The arrival of a new movie trailer online is received with a level of excitement and scrutiny that once waited for the film itself; even photos get analyzed in depth, as the recent hubbub over the first image of Gal Gadot as Wonder Woman has proved. So it’s no surprise that the theatre fan community went into a frenzy over the first full trailer for Disney’s film of Stephen Sondheim and James Lapine’s Into The Woods; after all, superhero movies now arrive like clockwork, while movie musicals, though more common than in the 70s and 80s, are still infrequent events. That dearth caused a previous bit of alarm and umbrage over Into The Woods, when Mr. Sondheim suggested there might be some plot changes.
Almost as quickly as the Into The Woods trailer appeared, my social media feeds were filled with an anguished refrain: where are the songs? Yes, the core audience felt betrayed, even though I suspect every person who was moved to write already knows the score by heart.
What those of us who love theatre in general, musicals in particular, and Sondheim most of all have to remember is that, sadly, we are not representative of the majority of moviegoers, and movie marketers have to throw a wide net. Those of us who flock to watch the trailer of Into The Woods are already committed to seeing it, no matter how much we may want to grouse about it. The film studios are trying to reach a much wider crowd, for whom the sight of stars singing may be off-putting, strange as such a thought may be to those of us who are ready to belt out a show tune at the slighted prompting. It’s also possible that we’ll get a more representative trailer as the film draws closer.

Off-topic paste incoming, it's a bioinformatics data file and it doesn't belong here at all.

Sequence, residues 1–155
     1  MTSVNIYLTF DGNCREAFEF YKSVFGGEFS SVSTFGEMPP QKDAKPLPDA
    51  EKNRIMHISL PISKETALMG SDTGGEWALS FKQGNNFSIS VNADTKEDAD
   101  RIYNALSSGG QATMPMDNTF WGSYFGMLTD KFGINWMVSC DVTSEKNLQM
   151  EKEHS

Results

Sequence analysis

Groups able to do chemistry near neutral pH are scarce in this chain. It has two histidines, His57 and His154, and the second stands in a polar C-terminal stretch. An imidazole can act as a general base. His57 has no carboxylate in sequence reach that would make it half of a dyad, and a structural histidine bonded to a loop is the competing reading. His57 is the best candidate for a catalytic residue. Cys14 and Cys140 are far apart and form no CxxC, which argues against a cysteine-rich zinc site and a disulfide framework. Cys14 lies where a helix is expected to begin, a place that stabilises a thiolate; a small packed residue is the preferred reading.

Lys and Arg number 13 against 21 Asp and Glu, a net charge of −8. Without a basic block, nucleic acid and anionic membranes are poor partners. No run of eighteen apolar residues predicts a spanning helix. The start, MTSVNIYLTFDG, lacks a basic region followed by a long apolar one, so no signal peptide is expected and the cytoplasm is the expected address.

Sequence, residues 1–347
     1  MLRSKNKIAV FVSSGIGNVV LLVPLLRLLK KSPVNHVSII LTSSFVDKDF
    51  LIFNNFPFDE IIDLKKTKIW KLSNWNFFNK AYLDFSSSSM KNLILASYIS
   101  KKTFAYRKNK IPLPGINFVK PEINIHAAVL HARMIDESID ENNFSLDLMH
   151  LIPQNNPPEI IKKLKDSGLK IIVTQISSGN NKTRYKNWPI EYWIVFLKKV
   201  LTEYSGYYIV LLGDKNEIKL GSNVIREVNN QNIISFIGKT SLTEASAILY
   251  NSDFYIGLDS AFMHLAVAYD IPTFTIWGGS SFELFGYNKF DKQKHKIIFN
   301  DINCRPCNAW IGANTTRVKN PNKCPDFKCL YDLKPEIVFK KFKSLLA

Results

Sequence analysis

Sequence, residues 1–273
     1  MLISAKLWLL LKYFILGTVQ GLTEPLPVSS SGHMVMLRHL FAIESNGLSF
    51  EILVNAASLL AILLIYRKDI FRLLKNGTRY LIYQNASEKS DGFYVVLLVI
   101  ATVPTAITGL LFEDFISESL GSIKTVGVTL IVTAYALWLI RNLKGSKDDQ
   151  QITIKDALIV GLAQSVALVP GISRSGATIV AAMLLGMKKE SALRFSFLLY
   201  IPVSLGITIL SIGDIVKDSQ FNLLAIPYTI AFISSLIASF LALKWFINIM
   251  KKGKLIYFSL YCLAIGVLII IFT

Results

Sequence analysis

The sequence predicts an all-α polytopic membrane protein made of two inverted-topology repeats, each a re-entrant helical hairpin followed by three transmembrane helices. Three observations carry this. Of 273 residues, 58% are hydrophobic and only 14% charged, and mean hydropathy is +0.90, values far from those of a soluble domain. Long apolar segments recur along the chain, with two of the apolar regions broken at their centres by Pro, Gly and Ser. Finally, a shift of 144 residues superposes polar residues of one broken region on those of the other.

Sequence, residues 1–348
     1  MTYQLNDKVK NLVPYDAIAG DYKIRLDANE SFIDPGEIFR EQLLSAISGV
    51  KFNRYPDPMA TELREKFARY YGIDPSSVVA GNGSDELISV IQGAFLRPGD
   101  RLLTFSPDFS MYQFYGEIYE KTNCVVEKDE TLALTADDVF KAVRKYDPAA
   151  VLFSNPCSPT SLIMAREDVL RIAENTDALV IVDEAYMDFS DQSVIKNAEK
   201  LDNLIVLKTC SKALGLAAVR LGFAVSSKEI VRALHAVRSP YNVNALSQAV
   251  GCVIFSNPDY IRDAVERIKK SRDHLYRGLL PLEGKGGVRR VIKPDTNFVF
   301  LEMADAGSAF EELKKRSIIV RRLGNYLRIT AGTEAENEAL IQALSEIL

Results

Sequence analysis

Minimizing the musical theatre connection has certainly been true for movie musicals for some time. It’s almost as though marketers are trying to slip the fact that people sing past potential audiences. Unlike Into The Woods, which does seem more like a moody tour of the film’s production design than anything, music is prominently featured in countless trailers, even for non-musical films, and sometimes with music that isn’t ever heard in the film. But when it comes to seeing people sing, let’s keep that quiet, shall we? We can hear singing in trailers, and see people moving their lips, but not in sync. Take a look at the trailer for Hairspray as an example.